By Adamu Tilde
To anyone abreast of the ongoings in Nigeria, it is not news that Northern Nigeria is on the fringes of Nigeria’s economy. Take any industry of your choice, you will find Northerners operating, at best, in the periphery or, at worst, totally absent. For example, of the 25 major commercial banks operating in Nigeria, Northerners control a negligible percentage of the shareholding. Another evident instance can be observed in the IT sector. Just recently, Andela, a global tech-hunting company, raised $200 million seed funding. Earlier, Flutterwave, a payment company, raised $170million in funding. The combined valuation of Interswitch, Flutterwave, OPay, and Andela is close to $5 billion. What is striking is that all this is happening in Lagos. You can observe similar poor representation of Northerners in insurance companies, investment banks, telecommunication, oil and gas, manufacturing, and services. A visit to the listed coys on Nigerian Stock Exchange will clear your doubts.
The north’s abysmal participation in the ownership and management of business ventures is even more pronounced in other highly lucrative coys that are not listed on the Stock Market, such as pharmaceutical industries, maritime, Health Maintenance Organisations (HMOs), private equity firms, assets/wealth management, securities trading/brokerage services, heavy industries – such as utility and mining companies, commercial law practice, aviation, and ancillary services. Further, the poor representation of the north in ownership of business enterprises transcends to informal businesses providing value addition services to various sectors of the economy. In a rare occurrence of having a Northerner as a controlling shareholder of any company of repute, chances are that the shareholder was a former military officer or a friend to former military personnel. Few exceptions can be counted with one’s fingers. You may be left to wonder and ask yourself: are the Northerners asleep, or awake but perilously unperturbed?
What perhaps explains the dismal performance— and near absence— of Northerners-controlled businesses in Nigeria’s formal economic sector is the long association of Northerners with the corridor of power. State power is used to control the economy and to appropriate wealth. This strategy created an unproductive state of inertia which disincentivized and discouraged entrepreneurship. Economic success is dependent on state power or state patronage, or both. So people directed their energy to seek the inside track of power which guarantees access to state resources. Delving into the murky waters of entrepreneurial activity became unnecessary since wealth could be accumulated faster and with less risk by using state power. Since not many people can have access to the state’s resources, this created isolated cases of extremely rich but few elites amid large population of helpless poor people. Northern Nigeria is one of the most unequal societies you can ever imagine, sadly. A quick caveat. Northerners are not alone in this dispensation but theirs is more pronounced.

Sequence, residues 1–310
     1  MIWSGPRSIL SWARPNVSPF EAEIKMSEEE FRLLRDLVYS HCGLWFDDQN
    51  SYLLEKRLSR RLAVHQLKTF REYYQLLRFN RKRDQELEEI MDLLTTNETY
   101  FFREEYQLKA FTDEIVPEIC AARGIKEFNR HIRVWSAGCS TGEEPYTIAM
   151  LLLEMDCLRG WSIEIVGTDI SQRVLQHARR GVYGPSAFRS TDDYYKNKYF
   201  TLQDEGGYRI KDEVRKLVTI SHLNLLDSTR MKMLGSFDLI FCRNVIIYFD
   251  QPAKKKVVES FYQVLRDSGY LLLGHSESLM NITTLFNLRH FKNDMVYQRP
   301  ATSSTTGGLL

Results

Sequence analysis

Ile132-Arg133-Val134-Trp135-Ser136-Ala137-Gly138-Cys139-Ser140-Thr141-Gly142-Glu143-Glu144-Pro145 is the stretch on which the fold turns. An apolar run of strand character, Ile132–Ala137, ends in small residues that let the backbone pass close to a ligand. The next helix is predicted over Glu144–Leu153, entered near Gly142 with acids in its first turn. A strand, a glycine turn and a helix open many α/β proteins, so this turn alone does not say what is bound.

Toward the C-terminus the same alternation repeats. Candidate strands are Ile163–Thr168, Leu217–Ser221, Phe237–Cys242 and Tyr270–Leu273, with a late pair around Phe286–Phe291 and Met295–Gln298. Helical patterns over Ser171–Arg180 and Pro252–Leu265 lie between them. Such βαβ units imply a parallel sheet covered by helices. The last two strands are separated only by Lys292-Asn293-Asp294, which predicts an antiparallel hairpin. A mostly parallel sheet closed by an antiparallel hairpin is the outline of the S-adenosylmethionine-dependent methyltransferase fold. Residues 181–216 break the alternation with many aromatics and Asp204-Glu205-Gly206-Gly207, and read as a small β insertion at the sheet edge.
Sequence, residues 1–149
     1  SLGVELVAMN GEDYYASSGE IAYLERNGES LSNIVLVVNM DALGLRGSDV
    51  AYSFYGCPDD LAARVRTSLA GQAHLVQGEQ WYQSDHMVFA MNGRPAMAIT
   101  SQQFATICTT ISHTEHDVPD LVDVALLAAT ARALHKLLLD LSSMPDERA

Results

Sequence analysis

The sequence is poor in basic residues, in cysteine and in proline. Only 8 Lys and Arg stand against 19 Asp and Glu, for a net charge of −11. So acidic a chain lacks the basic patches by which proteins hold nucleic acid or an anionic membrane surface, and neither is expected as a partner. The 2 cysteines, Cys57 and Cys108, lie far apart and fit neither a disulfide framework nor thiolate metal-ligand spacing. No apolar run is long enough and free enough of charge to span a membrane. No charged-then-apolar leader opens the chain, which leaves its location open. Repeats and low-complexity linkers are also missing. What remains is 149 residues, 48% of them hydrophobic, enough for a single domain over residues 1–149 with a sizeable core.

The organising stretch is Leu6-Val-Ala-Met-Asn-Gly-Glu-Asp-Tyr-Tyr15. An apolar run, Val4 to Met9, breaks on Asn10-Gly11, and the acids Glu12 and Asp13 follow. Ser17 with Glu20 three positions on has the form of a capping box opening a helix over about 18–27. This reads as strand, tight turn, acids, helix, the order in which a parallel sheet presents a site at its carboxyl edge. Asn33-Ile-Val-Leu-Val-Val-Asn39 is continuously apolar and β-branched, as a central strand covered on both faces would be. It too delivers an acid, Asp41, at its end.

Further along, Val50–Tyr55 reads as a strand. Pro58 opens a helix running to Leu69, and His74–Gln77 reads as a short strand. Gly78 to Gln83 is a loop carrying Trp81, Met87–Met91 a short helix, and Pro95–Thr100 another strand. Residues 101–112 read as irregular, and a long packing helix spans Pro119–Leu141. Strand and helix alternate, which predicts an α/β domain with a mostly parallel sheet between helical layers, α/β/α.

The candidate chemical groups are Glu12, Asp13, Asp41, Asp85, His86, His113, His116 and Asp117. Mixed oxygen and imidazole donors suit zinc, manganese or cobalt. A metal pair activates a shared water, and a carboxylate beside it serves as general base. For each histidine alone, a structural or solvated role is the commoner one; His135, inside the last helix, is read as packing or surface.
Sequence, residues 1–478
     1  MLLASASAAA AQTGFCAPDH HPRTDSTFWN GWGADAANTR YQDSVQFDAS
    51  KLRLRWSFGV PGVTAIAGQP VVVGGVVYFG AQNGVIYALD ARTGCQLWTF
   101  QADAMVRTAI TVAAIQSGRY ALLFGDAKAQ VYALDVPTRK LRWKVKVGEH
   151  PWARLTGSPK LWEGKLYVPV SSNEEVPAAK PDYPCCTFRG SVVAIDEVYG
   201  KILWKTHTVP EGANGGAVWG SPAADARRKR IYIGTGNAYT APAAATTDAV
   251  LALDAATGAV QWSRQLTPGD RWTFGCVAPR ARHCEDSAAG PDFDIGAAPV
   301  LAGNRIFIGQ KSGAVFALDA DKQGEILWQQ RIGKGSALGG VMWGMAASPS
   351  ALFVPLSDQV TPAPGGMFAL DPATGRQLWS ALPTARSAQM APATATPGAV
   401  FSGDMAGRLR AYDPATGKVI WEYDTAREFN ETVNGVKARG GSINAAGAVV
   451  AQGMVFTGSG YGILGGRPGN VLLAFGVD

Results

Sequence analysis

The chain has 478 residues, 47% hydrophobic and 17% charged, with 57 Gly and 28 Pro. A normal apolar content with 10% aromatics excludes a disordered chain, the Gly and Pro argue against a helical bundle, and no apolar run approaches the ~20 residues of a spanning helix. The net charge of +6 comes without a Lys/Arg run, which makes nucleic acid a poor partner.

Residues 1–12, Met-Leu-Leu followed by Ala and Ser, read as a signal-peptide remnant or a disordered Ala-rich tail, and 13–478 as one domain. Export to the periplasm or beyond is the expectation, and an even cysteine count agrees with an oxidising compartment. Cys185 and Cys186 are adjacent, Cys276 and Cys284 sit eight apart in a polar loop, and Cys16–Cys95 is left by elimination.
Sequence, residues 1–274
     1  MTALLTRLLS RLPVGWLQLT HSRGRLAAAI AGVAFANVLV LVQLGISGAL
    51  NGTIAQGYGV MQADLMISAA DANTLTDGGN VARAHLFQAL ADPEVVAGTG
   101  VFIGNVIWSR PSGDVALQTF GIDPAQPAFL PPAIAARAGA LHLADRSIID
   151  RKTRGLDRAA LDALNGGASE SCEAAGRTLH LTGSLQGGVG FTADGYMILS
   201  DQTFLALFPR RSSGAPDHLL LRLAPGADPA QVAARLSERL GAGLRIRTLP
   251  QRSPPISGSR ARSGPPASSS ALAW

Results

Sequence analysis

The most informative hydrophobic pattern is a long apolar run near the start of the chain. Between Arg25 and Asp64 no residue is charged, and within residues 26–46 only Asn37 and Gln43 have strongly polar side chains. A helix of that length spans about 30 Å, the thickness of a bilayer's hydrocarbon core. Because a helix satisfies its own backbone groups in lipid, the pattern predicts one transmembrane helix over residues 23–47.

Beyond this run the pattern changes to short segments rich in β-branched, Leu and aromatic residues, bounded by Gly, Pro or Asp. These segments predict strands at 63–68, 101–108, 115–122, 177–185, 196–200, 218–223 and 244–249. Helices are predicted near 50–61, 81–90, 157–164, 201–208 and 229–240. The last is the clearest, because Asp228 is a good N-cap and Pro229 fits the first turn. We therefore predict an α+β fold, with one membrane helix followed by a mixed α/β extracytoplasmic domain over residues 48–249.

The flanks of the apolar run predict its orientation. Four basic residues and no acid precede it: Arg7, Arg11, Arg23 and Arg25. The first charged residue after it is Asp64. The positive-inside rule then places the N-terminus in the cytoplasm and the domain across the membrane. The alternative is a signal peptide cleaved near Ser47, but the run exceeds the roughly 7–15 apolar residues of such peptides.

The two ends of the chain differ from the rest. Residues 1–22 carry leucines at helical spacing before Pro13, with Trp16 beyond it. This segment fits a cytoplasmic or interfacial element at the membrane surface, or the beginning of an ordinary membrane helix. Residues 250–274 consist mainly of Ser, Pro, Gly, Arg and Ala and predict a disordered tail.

Sustainable economic growth and development that we all yearn for cannot be achieved on a platter. We must work for it, earn it, and have it. The economic stagnation of Northern Nigeria cannot be corrected with the cosmetic gestures of conditional cash transfer, NAPEP, political patronage among others that have become the pastime of politicians and policymakers. These gestures may seem to be clipping the fangs of poverty in the short term, but it is utterly ineffectual and detrimental as the clock ticks. We will understand this better when we study developed nations and the genesis of their [economic] development. China, for example, did not remove over 300 million of its population from abject poverty by dashing not-worked-for tokens to unproductive, idle youths. Nigeria, especially the northern part, does not stand to be an exception.
The economic ingenuity of the Northerners can only be ignited by denying its rent-seeking elites access to freebies and the state’s purse. By so doing, they would be forced to engage in genuine, real economic activities that will bring growth and prosperity to its malnourished and poor population. The south is not in any way doing spectacularly different or operating at its optimum level, but compared to northern Nigeria, it is far ahead. There is no need to reinvent the wheel. Northern Nigeria can learn a lot from the economic transformation that is taking place in southern Nigeria.